Context: As interest in CAM continues to increase, schools of medicine, nursing, and other health professional training programs are being encouraged to integrate content on CAM into curricula.
Objective: To assess the attitudes of faculty and staff toward CAM in medicine, nursing, and pharmacy within an academic health center.
Design: A survey was used to obtain data on general attitudes toward CAM, personal use, training needs, and perceived barriers to use.
Setting and participants: The survey was taken of 627 faculty and students employed or enrolled at the University of Minnesota. The overall response rate exceeded 50% for both students and faculty.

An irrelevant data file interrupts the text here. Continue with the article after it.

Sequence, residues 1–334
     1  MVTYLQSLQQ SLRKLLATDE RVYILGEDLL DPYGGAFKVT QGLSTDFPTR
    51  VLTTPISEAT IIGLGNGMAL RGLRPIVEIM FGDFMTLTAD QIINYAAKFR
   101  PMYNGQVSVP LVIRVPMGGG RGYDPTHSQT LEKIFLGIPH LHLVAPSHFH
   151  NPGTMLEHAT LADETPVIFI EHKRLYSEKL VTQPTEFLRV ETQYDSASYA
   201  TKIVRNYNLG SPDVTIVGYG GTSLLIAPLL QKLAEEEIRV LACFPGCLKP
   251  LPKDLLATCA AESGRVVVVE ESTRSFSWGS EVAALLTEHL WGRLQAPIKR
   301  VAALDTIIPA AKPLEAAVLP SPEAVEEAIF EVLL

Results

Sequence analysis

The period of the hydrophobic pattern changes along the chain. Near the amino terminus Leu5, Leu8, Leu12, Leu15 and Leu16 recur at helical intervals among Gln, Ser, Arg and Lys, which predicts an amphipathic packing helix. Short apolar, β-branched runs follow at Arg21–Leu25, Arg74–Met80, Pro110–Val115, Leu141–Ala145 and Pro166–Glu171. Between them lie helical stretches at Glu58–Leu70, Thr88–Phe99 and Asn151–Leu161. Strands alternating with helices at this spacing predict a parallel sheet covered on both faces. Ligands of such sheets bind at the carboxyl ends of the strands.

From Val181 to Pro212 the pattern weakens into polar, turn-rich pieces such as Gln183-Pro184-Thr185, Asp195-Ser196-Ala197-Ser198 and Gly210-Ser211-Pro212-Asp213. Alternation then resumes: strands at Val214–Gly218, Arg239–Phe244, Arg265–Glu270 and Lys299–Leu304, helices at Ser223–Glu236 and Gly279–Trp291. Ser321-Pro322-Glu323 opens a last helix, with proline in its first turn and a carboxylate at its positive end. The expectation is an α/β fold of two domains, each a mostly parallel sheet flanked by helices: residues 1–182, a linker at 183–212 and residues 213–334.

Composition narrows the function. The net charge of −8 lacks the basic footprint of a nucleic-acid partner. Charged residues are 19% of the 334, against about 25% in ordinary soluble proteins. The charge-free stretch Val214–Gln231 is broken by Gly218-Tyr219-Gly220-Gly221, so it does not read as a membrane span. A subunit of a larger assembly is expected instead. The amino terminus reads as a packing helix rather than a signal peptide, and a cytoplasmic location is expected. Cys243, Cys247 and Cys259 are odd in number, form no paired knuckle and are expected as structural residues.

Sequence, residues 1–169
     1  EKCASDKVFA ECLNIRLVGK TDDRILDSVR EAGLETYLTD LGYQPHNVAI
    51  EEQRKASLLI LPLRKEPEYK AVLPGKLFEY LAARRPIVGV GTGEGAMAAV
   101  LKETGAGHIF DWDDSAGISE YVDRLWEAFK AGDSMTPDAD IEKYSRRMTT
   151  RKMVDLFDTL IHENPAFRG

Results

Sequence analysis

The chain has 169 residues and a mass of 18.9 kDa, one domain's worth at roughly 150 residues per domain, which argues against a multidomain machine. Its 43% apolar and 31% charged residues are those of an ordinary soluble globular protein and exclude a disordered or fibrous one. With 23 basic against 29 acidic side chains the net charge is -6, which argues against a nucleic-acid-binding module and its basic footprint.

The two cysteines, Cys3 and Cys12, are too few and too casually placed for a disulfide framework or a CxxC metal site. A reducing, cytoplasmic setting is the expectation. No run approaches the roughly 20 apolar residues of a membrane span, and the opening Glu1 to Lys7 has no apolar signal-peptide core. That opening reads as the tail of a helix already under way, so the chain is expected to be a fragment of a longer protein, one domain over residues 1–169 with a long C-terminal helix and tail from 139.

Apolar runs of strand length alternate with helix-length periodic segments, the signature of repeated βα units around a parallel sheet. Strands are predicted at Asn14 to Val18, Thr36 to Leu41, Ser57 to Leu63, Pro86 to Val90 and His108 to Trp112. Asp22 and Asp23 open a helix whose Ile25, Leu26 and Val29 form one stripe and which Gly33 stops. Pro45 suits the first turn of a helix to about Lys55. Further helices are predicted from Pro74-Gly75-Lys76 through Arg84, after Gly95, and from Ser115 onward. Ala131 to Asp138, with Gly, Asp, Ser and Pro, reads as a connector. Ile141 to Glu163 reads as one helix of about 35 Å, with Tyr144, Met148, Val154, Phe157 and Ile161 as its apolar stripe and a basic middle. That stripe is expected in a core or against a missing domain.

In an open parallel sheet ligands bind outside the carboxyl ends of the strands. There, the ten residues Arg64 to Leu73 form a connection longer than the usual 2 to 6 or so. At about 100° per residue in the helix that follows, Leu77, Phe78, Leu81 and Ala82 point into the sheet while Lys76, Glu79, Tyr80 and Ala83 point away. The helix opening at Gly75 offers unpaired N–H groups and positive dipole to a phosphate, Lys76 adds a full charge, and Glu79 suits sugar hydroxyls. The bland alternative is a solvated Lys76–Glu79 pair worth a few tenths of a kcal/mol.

Results: More than 90% of faculty and students believe that clinical care should integrate the best of conventional and CAM practices and that health professionals should be prepared to advise patients about commonly used CAM methods; 88% of faculty and 84% of students indicated that CAM should be included in their school's curriculum. While there were similarities between the 3 faculty groups, the nursing faculty expressed the greatest interest in practicing CAM.
Conclusions: Faculty and students within medicine, nursing, and pharmacy have favorable attitudes toward the integration of CAM within education and clinical care. Personal use of CAM and training is limited. Lack of evidence is perceived to be the most significant barrier to integration of CAM into Western medicine. The high degree of receptivity suggests the need for both faculty training and curriculum development.